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Lesley Gordon

Lesley J. Gordon is associate professor of history at the University of Akron in Akron, Ohio. She received her B.A. from the College of William and Mary, and her M.A. and Ph.D. from the University of Georgia. Her publications include _General George E. Pickett in Life and Legend_ (Chapel Hill, 1998), _Intimate Strategies of the Civil War: Military Commanders and their Wives_ (New York, 2001), and _This Terrible War: The Civil War and its Aftermath_ (New York, 2003).


Remembering Our Bloodiest War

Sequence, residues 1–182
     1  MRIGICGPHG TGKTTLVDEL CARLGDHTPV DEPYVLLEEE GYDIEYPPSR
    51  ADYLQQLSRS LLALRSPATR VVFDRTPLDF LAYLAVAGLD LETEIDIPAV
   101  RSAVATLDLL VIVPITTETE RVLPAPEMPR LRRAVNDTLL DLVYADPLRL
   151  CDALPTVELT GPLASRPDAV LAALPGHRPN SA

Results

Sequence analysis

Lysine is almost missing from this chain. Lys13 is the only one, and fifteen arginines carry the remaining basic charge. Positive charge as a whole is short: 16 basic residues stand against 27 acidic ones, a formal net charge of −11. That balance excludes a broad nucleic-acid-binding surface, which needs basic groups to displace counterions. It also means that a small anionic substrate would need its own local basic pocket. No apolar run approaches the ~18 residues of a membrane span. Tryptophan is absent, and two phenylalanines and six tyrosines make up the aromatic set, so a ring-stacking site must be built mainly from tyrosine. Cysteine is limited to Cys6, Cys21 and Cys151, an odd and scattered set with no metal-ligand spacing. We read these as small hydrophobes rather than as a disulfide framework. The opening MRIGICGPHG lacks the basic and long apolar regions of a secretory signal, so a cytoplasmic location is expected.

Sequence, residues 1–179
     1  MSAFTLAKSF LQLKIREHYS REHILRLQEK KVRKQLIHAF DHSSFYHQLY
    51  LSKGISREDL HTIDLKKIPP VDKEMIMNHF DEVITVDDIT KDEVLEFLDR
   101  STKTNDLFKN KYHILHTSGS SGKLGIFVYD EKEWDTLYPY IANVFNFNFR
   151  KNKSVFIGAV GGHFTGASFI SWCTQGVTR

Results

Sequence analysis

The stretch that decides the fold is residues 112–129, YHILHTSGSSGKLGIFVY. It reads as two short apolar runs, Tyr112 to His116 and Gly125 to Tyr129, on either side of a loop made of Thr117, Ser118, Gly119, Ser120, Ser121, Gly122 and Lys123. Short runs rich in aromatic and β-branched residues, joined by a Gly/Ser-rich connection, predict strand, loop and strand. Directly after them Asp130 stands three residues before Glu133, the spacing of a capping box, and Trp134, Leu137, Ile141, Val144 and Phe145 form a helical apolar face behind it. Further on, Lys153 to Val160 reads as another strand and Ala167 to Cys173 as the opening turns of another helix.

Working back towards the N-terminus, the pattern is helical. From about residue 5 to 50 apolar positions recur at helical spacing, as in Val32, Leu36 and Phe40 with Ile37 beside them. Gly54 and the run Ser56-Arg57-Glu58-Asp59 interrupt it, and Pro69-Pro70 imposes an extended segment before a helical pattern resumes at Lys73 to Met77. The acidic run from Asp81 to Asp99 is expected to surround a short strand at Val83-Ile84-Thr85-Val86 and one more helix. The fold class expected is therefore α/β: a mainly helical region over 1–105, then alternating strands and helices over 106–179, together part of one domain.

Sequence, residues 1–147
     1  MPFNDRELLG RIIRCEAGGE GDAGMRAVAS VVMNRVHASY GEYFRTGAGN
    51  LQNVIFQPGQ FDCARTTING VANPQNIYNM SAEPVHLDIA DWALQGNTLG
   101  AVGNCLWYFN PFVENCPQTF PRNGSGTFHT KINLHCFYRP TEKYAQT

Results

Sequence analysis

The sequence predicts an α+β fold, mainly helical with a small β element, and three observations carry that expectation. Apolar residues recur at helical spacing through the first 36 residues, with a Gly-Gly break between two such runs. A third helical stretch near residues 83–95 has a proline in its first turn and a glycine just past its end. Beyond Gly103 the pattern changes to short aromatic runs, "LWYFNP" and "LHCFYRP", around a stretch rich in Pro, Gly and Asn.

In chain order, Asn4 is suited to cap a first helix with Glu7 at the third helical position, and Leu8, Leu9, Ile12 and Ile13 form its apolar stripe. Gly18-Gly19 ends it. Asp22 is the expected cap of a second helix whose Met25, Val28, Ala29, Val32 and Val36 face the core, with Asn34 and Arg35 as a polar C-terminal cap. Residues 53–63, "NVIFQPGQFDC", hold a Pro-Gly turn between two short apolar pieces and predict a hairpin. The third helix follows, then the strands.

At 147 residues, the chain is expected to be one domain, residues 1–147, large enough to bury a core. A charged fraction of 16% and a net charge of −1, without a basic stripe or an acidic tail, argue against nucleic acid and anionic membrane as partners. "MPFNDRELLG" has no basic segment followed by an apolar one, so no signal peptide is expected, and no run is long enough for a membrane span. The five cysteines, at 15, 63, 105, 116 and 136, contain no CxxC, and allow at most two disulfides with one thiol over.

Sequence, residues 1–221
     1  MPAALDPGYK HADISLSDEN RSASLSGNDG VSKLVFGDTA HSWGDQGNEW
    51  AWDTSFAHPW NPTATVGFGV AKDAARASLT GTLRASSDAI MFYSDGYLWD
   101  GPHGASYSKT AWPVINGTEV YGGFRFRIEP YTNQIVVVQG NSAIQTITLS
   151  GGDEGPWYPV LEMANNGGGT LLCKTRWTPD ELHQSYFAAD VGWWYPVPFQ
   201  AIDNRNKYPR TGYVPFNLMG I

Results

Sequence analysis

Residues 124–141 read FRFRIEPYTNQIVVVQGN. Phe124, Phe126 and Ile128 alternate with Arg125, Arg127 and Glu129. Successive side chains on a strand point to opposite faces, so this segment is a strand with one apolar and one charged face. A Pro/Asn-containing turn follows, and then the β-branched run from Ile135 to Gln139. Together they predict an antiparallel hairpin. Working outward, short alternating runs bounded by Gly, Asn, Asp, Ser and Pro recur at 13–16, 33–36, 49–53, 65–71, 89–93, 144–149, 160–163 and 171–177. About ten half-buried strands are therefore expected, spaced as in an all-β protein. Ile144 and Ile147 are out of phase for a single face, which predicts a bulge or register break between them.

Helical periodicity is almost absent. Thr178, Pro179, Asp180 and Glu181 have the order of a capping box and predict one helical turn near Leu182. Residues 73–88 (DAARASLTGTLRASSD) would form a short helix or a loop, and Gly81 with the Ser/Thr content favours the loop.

Spring 2002 | Criticism

Recently, historians have sought to understand how and why Americans continue to remember their civil war. Memory of the bloodiest conflict on U.S. soil remains fresh in popular imagination, kept alive by legions of Civil War buffs, reenactors, genealogists, and amateur writers, as well as scholars, who declare it to be the "Second American Revolution" or the watershed in our national history. Clearly, it was a significant event, but why does this war still resonate so strongly in our popular culture and national psyche? The answer, or answers, appears to be quite complicated.